Hypothesis driven design: workshop part 1

by Chris

Hypothesis driven design enables good UX experiments

Hypothesis driven design is a way of applying user research and experimentation to validate design choices. We, as a matter of course, user test all our digital products, but do we really know what we are testing and measuring?

The approach helps teams focus on finding solutions that are meaningful to users and to take calculated risks to move a product forward. Making sure design solutions deliver the outcomes we think they will, by using performance data to measure success or failure. And failure is fine, because we learn.

The key principles:

  • Outcome focused – not output focused
    The approach is not to create a deliverable or output (eg, we will create a sign-on form), but to create an outcome (eg, we want to increase the number of sign-ups).
  • Evidence based design – informed thinking
    The hypothesis statement is designed to help prove or disprove an assumption. Through user research and experimentation each hypothesis is tested to see whether we’ve achieved our desired outcomes.
  • Collaborative design – shared understanding and joint ownership
    Collaborative design allows teams to create design concepts together. It helps build shared understanding and joint ownership of the design problem and solutions.

Workshop part 1

We are aware there are problems with the main navigation menu (mega-menu)  on The National Archives’ website. We’ve had feedback from users that the menu is often missed and Google analytics even suggests the click rate is low. For the workshop we decided to use the mega-menu to test run hypothesis driven design.

Declaring assumptions

The first step was to declare our assumptions as a group exercise. In preparation, we had Google analytics reports, user feedback, past attempts to address the issue and our own experiences of using the mega-menu. These helped use form our assumptions.

We broke up into smaller groups and we came up with three assumptions:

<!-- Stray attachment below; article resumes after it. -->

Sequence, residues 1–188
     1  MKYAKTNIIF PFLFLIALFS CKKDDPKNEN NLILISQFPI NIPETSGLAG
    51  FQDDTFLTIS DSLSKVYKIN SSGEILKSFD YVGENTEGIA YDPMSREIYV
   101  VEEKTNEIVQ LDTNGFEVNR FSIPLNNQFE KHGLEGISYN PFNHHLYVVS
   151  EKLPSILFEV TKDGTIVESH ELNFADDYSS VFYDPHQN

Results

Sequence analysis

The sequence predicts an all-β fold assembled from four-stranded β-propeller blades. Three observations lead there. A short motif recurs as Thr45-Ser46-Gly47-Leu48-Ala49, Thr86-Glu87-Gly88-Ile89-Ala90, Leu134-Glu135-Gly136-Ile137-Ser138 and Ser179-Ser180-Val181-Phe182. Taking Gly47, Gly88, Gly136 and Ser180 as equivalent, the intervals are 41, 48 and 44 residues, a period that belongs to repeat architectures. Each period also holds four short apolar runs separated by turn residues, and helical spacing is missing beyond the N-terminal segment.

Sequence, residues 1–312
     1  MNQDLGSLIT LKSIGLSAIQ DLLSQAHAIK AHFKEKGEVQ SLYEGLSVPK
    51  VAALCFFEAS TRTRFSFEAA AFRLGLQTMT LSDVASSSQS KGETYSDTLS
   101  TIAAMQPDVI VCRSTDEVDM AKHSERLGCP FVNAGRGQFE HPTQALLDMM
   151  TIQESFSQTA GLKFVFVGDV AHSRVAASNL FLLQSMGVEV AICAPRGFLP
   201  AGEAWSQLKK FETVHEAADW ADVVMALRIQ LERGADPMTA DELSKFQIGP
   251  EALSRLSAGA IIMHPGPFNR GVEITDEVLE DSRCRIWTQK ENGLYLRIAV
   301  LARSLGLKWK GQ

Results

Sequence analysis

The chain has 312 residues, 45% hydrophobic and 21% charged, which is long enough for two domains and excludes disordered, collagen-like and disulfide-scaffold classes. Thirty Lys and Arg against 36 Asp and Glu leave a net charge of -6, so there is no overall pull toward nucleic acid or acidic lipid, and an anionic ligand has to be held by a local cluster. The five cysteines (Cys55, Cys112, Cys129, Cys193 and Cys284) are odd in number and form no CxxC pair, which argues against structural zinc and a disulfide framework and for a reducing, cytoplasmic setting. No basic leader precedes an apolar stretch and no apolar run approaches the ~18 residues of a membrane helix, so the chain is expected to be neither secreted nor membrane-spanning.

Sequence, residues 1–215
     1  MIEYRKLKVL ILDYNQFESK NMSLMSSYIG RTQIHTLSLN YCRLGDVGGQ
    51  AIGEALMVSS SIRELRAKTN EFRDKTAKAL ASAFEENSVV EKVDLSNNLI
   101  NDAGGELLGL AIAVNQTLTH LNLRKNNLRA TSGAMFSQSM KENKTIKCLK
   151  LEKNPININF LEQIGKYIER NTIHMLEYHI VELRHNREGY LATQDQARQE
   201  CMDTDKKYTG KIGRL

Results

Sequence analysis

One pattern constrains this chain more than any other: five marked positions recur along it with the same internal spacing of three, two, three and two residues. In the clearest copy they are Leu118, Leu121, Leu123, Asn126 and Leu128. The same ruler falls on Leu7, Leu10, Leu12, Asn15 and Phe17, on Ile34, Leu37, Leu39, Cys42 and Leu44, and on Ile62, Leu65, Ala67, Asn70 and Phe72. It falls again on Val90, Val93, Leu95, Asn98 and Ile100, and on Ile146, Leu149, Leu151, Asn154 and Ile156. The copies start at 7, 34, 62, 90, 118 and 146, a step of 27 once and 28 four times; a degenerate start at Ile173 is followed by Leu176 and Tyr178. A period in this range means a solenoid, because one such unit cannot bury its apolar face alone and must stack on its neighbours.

• The mega-menu is hidden, if we make the top level items visible users will be more likely to use it.
  • The mega-menu is overwhelming, if we make it easier to digest then users will be more likely to find what they are looking for.
  • The mega-menu content is not user focused, if we design the content to reflect user journeys, then users will be more likely to find what they are looking for.

How to measure

Next we needed to work out how we would validate each assumption. In each case we decided a combination of Google analytics (click rate) with user feedback will give us the metrics to prove or disprove our assumptions. Obviously, the initial stages of prototyping (paper or wireframe based) wouldn’t have the Google analytic tools, but we felt user feedback would be sufficient.

We also discussed that a high-fidelity prototype will benefit from AB testing, which would give us the quantitative evidence via Google analytics.

The hypothesis statement

The last step of the workshop was to create hypotheses from our assumptions. A hypothesis is designed in this format so assumptions are easier to test.

We wrote our hypotheses by using the following formula:

Changing [ __________ ]
to [ __________ ]
will lead to [ __________ ]
because [ __________ ],
and we’ll know that this is true/false when we see [ __________ ].

This is what the first assumption transformed into a hypothesis statement would look like:

Changing the current mega-menu
to a mega-menu where the top level menu items are visible
will lead to more users interacting with menu
because it’s no longer hidden behind a button,
and we’ll know that this is true/false when we see a higher click rate.

What’s next?

Workshop part 2 will cover collaborative design, prototyping (paper, wire-frame and high-fidelity prototypes), iterative processes and user testing to validate each hypothesis.

References